All the beers here are local and Thorkell has a Hop Hand Fallacy – a citrusy farmhouse ale from the Bristol brewers Lost and Grounded. I have a PMA from the Moor Beer Company, also based in Bristol, which is one of the best pale ales I’ve tasted recently.

I start with the crisp hispi cabbage with crab and lemon butter. It is delicate and very enjoyable. Thorkell bravely tries  the salt baked & pickled turnip with truffle and powdered cep.  I say bravely, because I’m not a big fan of turnips or truffle, but he loves it.  Rock decides not to have a starter – after enjoying quite a lot of the home-made bread we were given once we had taken our seats!

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 Hake with curried lentils and cauliflower

Rock and I both have the hake with curried lentils and cauliflower.  The hake is perfectly cooked and surrounded by intense curry flavours that manage to enhance the hake without overpowering it.  Thorkell has the breast and confit leg of duck with spelt and rainbow chard.  The duck breast is suitably pink and it soon becomes clear that Thorkell is enjoying his food as much as we are.

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Breast and confit leg of duck with spelt and rainbow chard

 

Rock is more than ready for dessert and has the chocolate mousse with salt caramel and peanuts.  The mousse is rich and intense, sweetened by the caramel, and with crushed peanuts providing crunch. Thorkell has the vanilla pannacotta with caramelised figs.  Unlike truffle and turnip, these are two of my favourite things and Rock is amazed when I don’t choose this as my dessert.  Thorkell loves it as much as I would have if I did not have an unstoppable desire for cheese…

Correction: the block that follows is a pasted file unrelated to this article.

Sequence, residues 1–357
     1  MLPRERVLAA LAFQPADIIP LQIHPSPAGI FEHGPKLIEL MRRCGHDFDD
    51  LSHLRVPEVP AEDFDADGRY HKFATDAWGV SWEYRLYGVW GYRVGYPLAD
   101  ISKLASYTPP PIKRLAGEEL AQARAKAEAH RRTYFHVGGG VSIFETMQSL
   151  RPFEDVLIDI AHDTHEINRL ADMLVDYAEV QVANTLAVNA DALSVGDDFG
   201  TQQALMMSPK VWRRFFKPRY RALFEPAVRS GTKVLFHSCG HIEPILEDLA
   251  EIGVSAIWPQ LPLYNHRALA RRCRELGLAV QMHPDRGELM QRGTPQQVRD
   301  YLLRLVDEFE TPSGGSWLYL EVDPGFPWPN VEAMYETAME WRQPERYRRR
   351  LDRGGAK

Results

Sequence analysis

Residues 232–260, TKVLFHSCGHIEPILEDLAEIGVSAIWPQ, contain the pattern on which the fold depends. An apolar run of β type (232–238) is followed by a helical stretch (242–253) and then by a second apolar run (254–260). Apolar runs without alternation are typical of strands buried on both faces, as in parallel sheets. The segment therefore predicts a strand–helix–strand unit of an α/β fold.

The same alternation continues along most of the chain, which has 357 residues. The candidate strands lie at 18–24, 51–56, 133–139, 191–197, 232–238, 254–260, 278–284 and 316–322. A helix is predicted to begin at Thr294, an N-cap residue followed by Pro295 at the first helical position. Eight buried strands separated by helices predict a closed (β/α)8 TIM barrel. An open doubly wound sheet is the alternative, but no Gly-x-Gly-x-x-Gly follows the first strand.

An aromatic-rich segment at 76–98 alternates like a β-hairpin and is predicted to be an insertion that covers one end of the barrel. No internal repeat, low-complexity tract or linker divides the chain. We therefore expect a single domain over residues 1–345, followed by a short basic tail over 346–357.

Sheep’s Tor and Cornish Gouda are served with a sweet and zingy quince jelly plus the most extraordinary celery salt crackers.  Both are semi-hard cheeses, contrasting in flavour but each one is very good.  The crackers were clearly home-made and the best biscuits for cheese I have ever tasted….and I’ve tasted a few.

Dinner in this shipping container was a great experience.  It has been fantastic to catch up with Thorkell. The dishes here are combinations of interesting ingredients and they are very well executed.  Every dish is cooked to order, the beer is very good and the service is excellent – it really is a box of delights!

Lunch@Carters, 2017

We are with our good friend Douglas and returning to another of our favourite places – Carters in Moseley.  This is a place where you are almost guaranteed to find eating experiences that you have never had before!